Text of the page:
When one company controls another company's equity, the latter usually loses degrees of freedom. But in the case of Roche's decision to buy the rest of Genentech Inc. for $4.2 billion and sell back 19 percent to the public, the issue may be how GNE pursues its new freedom to drive up its market value and become a force in dealmaking.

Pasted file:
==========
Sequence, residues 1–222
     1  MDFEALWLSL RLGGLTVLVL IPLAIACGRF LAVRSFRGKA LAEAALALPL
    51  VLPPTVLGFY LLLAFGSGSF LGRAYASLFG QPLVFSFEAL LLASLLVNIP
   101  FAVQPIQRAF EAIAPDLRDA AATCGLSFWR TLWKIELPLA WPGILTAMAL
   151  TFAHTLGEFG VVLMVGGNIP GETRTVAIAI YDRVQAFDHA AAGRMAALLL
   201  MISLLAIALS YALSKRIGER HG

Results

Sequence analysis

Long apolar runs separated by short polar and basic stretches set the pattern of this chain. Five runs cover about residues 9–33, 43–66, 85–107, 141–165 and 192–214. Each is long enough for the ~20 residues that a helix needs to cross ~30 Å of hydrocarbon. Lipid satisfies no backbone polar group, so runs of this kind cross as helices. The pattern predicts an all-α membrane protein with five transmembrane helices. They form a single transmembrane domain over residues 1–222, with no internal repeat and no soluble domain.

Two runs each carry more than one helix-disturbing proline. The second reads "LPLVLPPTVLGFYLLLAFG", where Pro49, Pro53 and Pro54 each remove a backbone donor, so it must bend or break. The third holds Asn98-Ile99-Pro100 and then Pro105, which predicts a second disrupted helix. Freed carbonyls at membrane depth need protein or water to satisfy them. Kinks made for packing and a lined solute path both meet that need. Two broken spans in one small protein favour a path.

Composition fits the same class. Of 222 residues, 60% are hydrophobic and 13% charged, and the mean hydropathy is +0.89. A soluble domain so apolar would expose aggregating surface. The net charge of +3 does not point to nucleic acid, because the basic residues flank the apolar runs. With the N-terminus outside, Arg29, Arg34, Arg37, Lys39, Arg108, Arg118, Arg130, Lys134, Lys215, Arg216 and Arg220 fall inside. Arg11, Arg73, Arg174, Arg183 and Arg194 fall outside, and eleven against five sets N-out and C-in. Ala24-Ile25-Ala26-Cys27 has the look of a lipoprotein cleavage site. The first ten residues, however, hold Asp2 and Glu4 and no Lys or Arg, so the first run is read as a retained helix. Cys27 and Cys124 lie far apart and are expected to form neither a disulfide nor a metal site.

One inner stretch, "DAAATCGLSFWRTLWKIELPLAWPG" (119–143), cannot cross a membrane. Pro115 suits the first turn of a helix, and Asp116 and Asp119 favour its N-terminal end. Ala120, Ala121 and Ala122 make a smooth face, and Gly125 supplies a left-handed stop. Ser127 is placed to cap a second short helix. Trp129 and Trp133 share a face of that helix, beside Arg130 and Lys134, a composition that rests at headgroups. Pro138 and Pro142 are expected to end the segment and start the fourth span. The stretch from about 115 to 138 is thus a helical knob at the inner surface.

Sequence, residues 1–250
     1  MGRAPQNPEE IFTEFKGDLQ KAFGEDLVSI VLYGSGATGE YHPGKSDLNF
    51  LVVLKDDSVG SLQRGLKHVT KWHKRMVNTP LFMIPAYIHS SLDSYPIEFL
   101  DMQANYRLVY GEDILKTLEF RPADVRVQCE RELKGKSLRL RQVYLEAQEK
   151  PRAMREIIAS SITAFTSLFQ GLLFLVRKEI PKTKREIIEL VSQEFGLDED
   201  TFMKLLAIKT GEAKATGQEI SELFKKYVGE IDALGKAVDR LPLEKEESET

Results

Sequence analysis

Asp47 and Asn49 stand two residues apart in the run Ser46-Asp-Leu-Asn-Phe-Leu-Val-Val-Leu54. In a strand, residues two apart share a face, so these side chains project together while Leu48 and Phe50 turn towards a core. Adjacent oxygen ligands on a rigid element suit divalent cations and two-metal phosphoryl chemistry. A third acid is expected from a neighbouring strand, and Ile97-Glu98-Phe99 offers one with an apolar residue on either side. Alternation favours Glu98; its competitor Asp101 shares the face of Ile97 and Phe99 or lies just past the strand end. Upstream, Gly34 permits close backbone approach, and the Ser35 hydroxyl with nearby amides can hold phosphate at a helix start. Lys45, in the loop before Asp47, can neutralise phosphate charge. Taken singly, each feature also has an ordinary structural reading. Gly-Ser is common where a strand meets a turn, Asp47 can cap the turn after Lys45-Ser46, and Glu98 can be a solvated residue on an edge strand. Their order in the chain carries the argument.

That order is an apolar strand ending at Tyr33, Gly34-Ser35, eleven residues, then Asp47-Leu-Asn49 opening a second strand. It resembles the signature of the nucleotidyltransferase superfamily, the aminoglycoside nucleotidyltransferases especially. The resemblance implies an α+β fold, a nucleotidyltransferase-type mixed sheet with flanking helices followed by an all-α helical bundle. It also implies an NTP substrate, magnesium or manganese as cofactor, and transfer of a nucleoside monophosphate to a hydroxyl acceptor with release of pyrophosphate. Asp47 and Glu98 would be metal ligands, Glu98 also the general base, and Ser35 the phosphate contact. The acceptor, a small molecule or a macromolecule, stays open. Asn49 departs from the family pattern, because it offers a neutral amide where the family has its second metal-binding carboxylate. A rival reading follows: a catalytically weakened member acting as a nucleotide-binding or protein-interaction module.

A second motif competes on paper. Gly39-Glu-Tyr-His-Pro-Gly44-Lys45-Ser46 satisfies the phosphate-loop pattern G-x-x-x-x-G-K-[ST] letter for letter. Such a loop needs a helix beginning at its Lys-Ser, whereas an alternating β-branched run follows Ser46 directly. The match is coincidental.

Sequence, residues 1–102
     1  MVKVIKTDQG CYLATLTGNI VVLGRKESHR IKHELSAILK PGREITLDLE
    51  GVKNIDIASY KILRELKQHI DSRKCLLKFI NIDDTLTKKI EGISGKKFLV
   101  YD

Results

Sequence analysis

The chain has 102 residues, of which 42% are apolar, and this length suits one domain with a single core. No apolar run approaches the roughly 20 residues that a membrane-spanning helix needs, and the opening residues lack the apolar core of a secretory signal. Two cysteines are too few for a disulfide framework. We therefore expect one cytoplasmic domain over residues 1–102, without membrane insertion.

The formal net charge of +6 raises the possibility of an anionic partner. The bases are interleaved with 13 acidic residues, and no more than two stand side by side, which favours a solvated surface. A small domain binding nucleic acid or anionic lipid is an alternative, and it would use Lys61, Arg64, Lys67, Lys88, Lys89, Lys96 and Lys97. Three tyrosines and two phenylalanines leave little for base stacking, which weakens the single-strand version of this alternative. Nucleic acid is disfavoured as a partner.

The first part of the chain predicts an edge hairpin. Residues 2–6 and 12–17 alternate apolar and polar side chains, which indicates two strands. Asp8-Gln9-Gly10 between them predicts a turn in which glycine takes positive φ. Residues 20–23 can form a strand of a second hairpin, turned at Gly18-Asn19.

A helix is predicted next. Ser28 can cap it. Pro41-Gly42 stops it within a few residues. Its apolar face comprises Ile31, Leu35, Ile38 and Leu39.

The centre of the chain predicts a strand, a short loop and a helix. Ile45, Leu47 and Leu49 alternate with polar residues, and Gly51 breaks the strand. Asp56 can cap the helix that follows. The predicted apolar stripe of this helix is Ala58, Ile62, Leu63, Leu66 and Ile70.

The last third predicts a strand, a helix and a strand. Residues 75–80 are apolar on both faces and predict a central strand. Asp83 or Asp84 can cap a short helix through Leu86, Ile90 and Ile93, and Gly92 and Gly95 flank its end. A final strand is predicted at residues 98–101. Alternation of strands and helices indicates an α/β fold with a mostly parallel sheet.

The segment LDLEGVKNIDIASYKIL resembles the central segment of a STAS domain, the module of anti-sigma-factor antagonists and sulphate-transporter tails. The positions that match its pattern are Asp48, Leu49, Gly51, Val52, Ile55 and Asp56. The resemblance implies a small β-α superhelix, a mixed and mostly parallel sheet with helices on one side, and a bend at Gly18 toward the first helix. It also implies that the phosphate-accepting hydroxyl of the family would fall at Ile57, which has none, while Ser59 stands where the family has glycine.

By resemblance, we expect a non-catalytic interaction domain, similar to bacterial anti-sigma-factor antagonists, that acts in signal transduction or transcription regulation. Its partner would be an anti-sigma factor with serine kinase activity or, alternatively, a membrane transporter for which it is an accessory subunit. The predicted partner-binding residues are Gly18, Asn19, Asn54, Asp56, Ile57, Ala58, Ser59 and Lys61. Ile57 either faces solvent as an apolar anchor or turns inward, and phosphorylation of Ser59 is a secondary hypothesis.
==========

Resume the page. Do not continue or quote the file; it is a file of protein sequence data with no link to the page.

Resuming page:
While GNE had worked hard over the past few years to get its stock price above the $60 shareholder put while avoiding a Roche decision to exercise its call option, the creative solution in the end was probably something that neither envisioned when the original deal was cut.